Church Calendar: Holy Days and Seasons

Thoughts on the Love of God by St. Augustine

“Incomprehensible and immutable is the love of God. For it was not after we were reconciled to him by the blood of his Son that he began to love us, but he loved us before the foundation of the world, that with his only begotten Son we too might be sons of God before we were anything at all” (St. Augustine of Hippo).

All St. Augustine quotes are from The New Encyclopedia of Christian Quotations, compiled by Mark Water (Grand Rapids, MI: Baker Books, 2000).
A young St. Augustine with his mother, St. Monica. Painting by Ary Scheffer (1795-1858), photographed by Johann Dréo from Chartres, France, CC BY-SA 2.0 https://creativecommons.org/licenses/by-sa/2.0, via Wikimedia Commons.

August 28 is the Feast of St. Augustine in some churches. The following thoughts commemorate him while also providing an introduction to a forthcoming series about God’s Love.

St. Augustine (born November 13, 354; died August 28, 430) is arguably the most influential Christian author since the apostles passed away. His writings not only influenced Roman Catholicism, but also perhaps the two most significant Protestant reformers, Martin Luther and John Calvin. If you follow the teachings of Luther or consider yourself a Calvinist, you are a de facto Augustinian.

Some may find his theology heavy-handed; his views about morality were strict, perhaps legalistic. Raised by a Christian mother and pagan father, he spent his youth as a rebel. During early adulthood he sought truth: followed Manicheeism (sort of a proto-New-Age fusion of Christianity and Eastern mysticism), had a son out of wedlock, became a professor of rhetoric, and eventually became a Christian. Interested readers may want to check out his biography, the Confession of St. Augustine. Although he lived over 1600 years ago, it is easy to relate to him. His Confession reminds us that times may change, but people are essentially the same.

In the coming weeks, I will share a few thoughts about the love of God. The Bible tells us that “God is love” (1 John 4:8); it is one of His most important attributes. If we do not have the love of God in our hearts, our faith is not genuine.

I would like to close with a few more quotes by St. Augustine about God’s love. Reflect on them and rejoice in the incomprehensible, unchangeable love that God has for you!

“O Love ever burning and never extinguished caritas, my God, set me on fire.”

“God loves each one of us as if there were only one of us to love.”

“People are renewed by love. As sinful desire ages them, so love rejuvenates them.”

“The single desire that dominated my search for delight was simply to love and be loved.” (Augustine sought satisfaction in several premarital sexual relationships before surrendering his life to Christ. Like many people today, he found that he was “looking for love in all the wrong places,” as a popular song from the 1970s said.)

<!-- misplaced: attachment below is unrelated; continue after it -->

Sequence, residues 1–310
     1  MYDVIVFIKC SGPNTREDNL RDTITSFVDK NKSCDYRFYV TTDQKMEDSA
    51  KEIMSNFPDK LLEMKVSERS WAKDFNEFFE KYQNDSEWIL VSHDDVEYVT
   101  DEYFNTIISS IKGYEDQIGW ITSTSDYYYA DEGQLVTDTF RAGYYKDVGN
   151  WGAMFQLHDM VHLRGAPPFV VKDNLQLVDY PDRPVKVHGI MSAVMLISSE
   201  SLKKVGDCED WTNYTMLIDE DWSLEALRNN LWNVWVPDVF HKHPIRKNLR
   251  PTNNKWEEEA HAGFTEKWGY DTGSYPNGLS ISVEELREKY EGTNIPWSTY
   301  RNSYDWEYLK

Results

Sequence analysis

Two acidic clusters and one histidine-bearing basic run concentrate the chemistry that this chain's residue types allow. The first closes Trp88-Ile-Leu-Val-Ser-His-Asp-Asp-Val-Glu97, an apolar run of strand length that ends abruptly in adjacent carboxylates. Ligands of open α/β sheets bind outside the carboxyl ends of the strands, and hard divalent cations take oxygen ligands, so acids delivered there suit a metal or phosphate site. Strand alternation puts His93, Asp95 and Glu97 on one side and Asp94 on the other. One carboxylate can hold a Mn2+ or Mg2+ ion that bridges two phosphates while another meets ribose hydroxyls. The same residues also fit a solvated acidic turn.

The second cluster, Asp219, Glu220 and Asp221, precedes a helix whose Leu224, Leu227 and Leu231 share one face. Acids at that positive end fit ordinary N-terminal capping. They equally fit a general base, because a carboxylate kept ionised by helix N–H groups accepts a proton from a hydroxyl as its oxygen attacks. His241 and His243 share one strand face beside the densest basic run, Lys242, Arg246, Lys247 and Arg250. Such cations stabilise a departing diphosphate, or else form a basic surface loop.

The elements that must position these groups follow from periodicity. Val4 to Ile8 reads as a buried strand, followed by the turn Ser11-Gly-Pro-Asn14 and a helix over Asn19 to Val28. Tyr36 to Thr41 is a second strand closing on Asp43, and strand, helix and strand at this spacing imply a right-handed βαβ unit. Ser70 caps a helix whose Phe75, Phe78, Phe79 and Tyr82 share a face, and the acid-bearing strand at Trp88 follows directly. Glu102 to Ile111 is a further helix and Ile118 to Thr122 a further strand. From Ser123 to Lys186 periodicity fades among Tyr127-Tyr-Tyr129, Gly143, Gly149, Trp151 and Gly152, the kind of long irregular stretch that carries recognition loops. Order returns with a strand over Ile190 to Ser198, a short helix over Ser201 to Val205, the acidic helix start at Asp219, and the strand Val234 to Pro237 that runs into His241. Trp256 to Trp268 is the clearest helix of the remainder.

I would like to hear from you. Does one of Augustine’s quotes really speak to you in a special way? Share your thoughts or suggestions by clicking the “Leave a comment” link below.

Copyright © 2021 Michael E. Lynch. All rights reserved.

Categories: Bible meditations, Church Calendar: Holy Days and Seasons, God's Moral Attributes | Tags: , , | Leave a comment

Diversity and Ministry

“The devil studied the nature of each man, seized upon the traits of his soul, adjusted himself to them and insinuated himself gradually into his victims’ confidence—suggesting splendors to the ambitious, gain to the covetous, delight to the sensuous, and a false appearance of piety to the pious—and a winner of souls ought to act in the same cautious and skillful way” (Ignatius of Loyola, 1491-1556).

from The New Encyclopedia of Christian Quotations, compiled by Mark Water (Grand Rapids, MI: Baker Books, 2000).
St. Ignatius of Loyola (1491-1556), whose feast day is on July 31. Painting by Peter Paul Rubens (public domain, via Wikimedia Commons).

Some churches try to make “one-size-fits-all” Christians. They dress alike. They all listen to the same kinds of music. They all avoid the same “worldly pleasures.” Perhaps you know the kind of church I am talking about. Perhaps you currently attend a church like that.

One positive feature of such churches is their ability to take a united stand against certain sins. However, they run the risk of being blind to their own sins. Almost 30 years ago, I visited a church where the pastor delivered a sermon about addictions. He ranted against probably 15 or so addictions: alcohol, drugs, cigarettes, television, etc. The congregation shouted “Amen!” each step of the way (I do not think anybody went outside to smoke right after the service). However, the pastor was noticeably overweight, and did not mention food addictions. There are plenty of Bible verses that address gluttony, but that might be uncomfortable to confront in some churches.